RV Roadtrip From Cannes to Venice

Our route from Cannes to Venice.

Our route from Cannes to Venice.

After Monaco we were headed into Italy for a couple of days before going into Croatia. We had planned on doing a pretty long day heading from Cannes to just a bit outside of Verona, a little over 450 km and probably 6 or 7 hours of driving, one of our biggest driving days of the tour so far.

Leaving France, the start of a long day.

Leaving France, the start of a long day.

As both of us had been to Rome on previous trips we were only heading across the top of Italy. Neither Sebastian nor I had been to Venice so that seemed like a good place to visit. But we would need a stop before there and so we pointed the Hymer towards Camping Bella Italia.

Headed into Italy.

Headed into Italy.

The drive was pretty uneventful and went by quickly. I was a bit worried about the drivers in Italy, imagining the worst case scenario but all in all they were pretty good.  The roads were in good shape and fairly empty as we headed north. We had planned a waypoint to stop at if the going went slowly but we didn’t see any point in stopping once we were underway.

Our first vies of the Italian Riviera.

Our first views of the Italian Riviera.

We did start to notice that all of the truck stops were incredibly full and then we started to realize that there were no trucks on the road at all. Curious. As it turns out, we had the roads to ourselves because of a national holiday. A nice bit of luck and all the more reason to press on to Camping Bella Italia!

Strange, we have the road to ourselves.

Strange, we have the road to ourselves.

After a long day on the road we took the exit towards the campsite. Or at least that’s what we thought we were doing. Our wrong turn resulted in a several kilometer detour before we could find a spot to turn around. With the rig headed in the right direction our luck was beginning to peter out. The public holiday had the Italians out in force in the village and it was bumper to bumper on some narrow roads.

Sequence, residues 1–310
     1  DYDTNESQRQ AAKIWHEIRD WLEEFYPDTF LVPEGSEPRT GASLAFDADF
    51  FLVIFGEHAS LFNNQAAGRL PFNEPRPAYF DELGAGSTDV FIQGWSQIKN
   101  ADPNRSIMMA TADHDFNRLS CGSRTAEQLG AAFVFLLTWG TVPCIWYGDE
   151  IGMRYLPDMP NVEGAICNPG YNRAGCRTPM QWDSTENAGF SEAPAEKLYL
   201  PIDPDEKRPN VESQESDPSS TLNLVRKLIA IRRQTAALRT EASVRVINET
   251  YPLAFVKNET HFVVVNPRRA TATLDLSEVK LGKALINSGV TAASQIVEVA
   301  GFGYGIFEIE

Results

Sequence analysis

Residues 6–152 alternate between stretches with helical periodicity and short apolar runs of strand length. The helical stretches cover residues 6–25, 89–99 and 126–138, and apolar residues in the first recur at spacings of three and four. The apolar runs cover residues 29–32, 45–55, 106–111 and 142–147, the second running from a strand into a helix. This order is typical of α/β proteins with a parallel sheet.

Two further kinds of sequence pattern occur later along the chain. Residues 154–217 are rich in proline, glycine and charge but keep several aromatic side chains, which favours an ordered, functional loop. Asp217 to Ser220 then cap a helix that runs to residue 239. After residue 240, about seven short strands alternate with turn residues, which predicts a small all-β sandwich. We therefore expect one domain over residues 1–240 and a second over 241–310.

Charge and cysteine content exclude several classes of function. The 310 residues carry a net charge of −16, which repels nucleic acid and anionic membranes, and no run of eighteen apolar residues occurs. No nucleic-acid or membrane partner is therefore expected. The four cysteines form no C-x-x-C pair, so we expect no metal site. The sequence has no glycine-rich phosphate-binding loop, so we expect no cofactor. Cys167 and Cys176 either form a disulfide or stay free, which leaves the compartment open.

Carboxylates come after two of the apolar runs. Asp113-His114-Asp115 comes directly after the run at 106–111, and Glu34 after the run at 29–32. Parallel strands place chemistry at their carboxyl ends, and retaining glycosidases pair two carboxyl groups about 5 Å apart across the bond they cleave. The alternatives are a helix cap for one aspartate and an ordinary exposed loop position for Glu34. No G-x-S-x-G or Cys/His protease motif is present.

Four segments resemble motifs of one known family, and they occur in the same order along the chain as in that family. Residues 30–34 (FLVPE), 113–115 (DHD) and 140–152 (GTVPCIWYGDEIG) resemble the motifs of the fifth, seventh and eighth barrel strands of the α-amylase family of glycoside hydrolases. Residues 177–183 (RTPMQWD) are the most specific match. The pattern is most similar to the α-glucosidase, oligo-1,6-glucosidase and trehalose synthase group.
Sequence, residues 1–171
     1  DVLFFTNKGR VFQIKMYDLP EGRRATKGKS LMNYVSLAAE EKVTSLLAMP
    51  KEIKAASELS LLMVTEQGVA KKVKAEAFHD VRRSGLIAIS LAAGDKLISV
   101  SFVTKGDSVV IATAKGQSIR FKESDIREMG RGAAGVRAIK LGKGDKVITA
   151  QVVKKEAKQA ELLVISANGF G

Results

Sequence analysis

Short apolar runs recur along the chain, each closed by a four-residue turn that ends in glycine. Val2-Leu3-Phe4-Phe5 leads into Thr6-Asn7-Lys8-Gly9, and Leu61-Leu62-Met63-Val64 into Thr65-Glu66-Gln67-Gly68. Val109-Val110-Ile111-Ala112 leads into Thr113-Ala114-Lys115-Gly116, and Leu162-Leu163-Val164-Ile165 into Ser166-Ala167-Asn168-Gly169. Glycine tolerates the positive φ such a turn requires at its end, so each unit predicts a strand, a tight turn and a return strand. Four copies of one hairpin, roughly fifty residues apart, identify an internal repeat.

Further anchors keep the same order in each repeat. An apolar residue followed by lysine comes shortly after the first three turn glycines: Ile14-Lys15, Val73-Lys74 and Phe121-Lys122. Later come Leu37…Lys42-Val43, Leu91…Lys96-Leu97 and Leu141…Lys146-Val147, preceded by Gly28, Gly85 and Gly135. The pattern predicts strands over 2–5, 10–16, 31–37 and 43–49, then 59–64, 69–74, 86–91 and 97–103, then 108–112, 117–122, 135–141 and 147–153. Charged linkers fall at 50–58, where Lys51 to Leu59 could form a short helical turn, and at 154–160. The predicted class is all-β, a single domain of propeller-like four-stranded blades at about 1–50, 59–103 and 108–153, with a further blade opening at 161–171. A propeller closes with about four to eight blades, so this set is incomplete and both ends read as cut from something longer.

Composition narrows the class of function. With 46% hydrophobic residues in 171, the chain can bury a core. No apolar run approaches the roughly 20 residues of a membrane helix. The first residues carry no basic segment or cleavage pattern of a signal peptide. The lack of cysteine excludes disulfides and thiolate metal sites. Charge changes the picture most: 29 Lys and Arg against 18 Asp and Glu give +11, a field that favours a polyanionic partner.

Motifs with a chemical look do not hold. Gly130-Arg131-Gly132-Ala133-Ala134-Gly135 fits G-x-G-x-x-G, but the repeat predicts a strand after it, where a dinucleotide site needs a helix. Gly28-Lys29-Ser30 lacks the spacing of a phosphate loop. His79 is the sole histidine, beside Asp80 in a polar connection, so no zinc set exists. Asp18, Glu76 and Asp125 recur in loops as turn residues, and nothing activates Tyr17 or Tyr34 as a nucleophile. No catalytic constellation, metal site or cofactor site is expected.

We did have to pay a few tolls on our journey.

We did have to pay a few tolls on our journey.

Fortunately we didn’t have too far to go until we pulled into the gates at the massive camping village. Unfortunately we had somehow missed the fact that dogs were not allowed! We hoped and pleaded our case but reception was not moved and they recommended another camp site just down the road. Frustrated, we pulled into the stream of traffic to try our luck again.

Denied!

Denied! (Image from Google)

Gabby, our unhelpful GPS kept squawking about part of the road ahead being restricted due to our vehicle size. Ignoring her has been part of the game so far and so we kept our course. Google showed the road ahead  as not a problem. It was getting dark, the traffic was insufferable and Gabby was annoying us. But then we realized the errors of our ways and we were headed into an impossibly small road through the old city walls. Our fat camping car was never going to make it!

That is not going to work! (Image from Google Streetview)

That is not going to work! (Image from Google Streetview)

I was able to block some traffic and get the rig turned around and join the stream of traffic headed back out of town. Here we somehow managed to make the same mistake and traveled down the country road for a few kms before we could turn around again.

Butterfly Camping Village. (Image from Google)

Butterfly Camping Village. (Image from Google)

Finally back on the proper road we headed towards Butterfly Camping Village. Here we were informed that they only had 3 spaces left that would accommodate a vehicle of our size and there was a camper van ahead of us and one that pulled in as we were getting this information. Armed with the map of spaces Shani donned her track shoes and sprinted down the road! Of the spots that were left, we got the largest one and pitched up for the night.

Camping close to Venice.

Camping close to Venice.